New policies approved this summer to improve the disciplining and monitoring of parolees accused of new crimes led to a record number of state prisoners backed up in county jails, state prison officials told legislators Friday.
Department of Correction spokeswoman Shea Wilson told the Legislative Council that 2,144 state prisoners were in county jails Friday afternoon waiting for beds to open up in the state prison system.
Prison officials said the department is ready to open 446 new beds when $8 million in funding is available, and said the old department diagnostic unit in Pine Bluff could be refurbished to house 550 inmates at a cost of at least $16 million.
“We have had tremendous growth,” said Sheila Sharp, director of the state Department of Community Corrections, attributing the increase to recent policy changes, including putting parole and probation violators behind bars pending revocation hearings.
Sharp said 20 new parole officers are to begin a six-week training class next week. The addition of those officers will help reduce the work load significantly, she said.
Currently each officer works with an average about 118 parolees or probationers, while the recommended number is about 60, she said.
Since July, legislators have been demanding an explanation for how Darrell Dennis, released from prison in 2008, remained on the streets despite repeated felony arrests without having his parole revoked.
Dennis was last released from the Pulaski County jail on May 8 after parole officials decided not to revoke his parole pending a mental evaluation. Less than 48 hours later, 18-year-old Forrest Abrams of Fayetteville was found dead at a Little Rock intersection. On May 22, Dennis was arrested and charged in the slaying. His parole was revoked June 5.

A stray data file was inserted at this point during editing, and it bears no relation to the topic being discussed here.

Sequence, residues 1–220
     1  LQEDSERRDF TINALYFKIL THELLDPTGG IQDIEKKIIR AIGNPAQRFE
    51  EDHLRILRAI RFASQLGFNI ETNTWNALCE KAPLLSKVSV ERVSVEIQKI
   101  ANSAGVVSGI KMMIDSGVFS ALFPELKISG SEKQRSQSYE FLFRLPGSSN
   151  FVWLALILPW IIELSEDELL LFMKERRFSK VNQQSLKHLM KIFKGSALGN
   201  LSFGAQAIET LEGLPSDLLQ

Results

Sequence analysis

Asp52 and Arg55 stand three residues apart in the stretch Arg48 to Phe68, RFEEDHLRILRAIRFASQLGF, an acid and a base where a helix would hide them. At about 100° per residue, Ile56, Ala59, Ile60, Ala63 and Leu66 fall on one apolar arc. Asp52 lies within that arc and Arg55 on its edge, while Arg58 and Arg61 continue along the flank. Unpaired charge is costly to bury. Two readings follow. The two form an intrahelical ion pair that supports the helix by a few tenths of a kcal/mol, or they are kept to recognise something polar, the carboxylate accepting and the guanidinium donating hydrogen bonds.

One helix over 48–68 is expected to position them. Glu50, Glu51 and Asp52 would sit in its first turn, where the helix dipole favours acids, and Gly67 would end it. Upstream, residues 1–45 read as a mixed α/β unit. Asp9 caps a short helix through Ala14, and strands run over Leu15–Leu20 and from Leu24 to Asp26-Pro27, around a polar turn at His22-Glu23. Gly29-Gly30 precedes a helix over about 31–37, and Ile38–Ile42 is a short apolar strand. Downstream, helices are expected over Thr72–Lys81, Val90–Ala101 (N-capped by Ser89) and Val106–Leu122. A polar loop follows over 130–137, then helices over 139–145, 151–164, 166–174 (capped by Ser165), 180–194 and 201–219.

An investigation by the Department of Correction led the state Board of Corrections chairman to conclude that poor decisions, not parole policies, was the reason Dennis remained free.
A internal DCC investigation ordered by Gov. Mike Beebe and a state police investigation have not been completed.
Wilson told lawmakers Friday that with $8 million the department could open 200 beds at the North Central Unit at Calico Rock, 100 beds at the McPherson Unit at Newport, 88 beds at the Ouachita River Unit in Malvern and 58 beds at the Northwest Arkansas Work Release Center in Springdale.
She said the department has put together a plan to refurbish the old diagnostic unit in Pine Bluff into a prison facility. The price tag is $16 million to $18 million, she said.
Rep. Terry Rice, R-Waldron, told prison officials to keep lawmakers apprised of the rising prison population.
“We need to know what’s going on,” Rice said. “There has been a lot of change.”
Also Friday, the Legislative Council endorsed a proposal to create a 10-member subcommittee — five members each from the House and Senate — so lawmakers can continue to participate in finding a location for building a new state veterans home.
The 22-member Arkansas Veterans Home Task Force, created by the Legislature earlier this year to recommend a future site for the new veterans home, expires Oct. 31.
Sen. Jane English, R-North Little Rock, said Friday a great deal of work still needs to be done and the new subcommittee would allow lawmakers to continue to participate in the process of finding a location and building the facility.